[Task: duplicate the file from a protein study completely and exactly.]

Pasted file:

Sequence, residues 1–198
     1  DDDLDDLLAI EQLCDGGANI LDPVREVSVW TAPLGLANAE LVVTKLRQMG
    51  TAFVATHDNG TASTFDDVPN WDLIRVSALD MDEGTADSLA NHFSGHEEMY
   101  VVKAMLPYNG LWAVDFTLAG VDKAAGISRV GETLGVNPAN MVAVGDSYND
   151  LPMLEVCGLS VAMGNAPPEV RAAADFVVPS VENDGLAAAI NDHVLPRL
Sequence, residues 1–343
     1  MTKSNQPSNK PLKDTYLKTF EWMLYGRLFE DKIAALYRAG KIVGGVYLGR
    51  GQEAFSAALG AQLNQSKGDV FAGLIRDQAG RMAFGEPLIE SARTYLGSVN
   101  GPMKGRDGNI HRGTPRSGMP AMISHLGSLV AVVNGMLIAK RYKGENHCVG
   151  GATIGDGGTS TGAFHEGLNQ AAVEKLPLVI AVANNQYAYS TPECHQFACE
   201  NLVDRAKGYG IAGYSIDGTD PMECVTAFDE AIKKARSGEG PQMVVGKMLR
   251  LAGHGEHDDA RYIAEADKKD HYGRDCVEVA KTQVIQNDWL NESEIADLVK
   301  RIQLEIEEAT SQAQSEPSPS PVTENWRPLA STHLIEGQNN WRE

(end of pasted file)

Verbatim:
Sequence, residues 1–198
     1  DDDLDDLLAI EQLCDGGANI LDPVREVSVW TAPLGLANAE LVVTKLRQMG
    51  TAFVATHDNG TASTFDDVPN WDLIRVSALD MDEGTADSLA NHFSGHEEMY
   101  VVKAMLPYNG LWAVDFTLAG VDKAAGISRV GETLGVNPAN MVAVGDSYND
   151  LPMLEVCGLS VAMGNAPPEV RAAADFVVPS VENDGLAAAI NDHVLPRL
Sequence, residues 1–343
     1  MTKSNQPSNK PLKDTYLKTF EWMLYGRLFE DKIAALYRAG KIVGGVYLGR
    51  GQEAFSAALG AQLNQSKGDV FAGLIRDQAG RMAFGEPLIE SARTYLGSVN
   101  GPMKGRDGNI HRGTPRSGMP AMISHLGSLV AVVNGMLIAK RYKGENHCVG
   151  GATIGDGGTS TGAFHEGLNQ AAVEKLPLVI AVANNQYAYS TPECHQFACE
   201  NLVDRAKGYG IAGYSIDGTD PMECVTAFDE AIKKARSGEG PQMVVGKMLR
   251  LAGHGEHDDA RYIAEADKKD HYGRDCVEVA KTQVIQNDWL NESEIADLVK
   301  RIQLEIEEAT SQAQSEPSPS PVTENWRPLA STHLIEGQNN WRE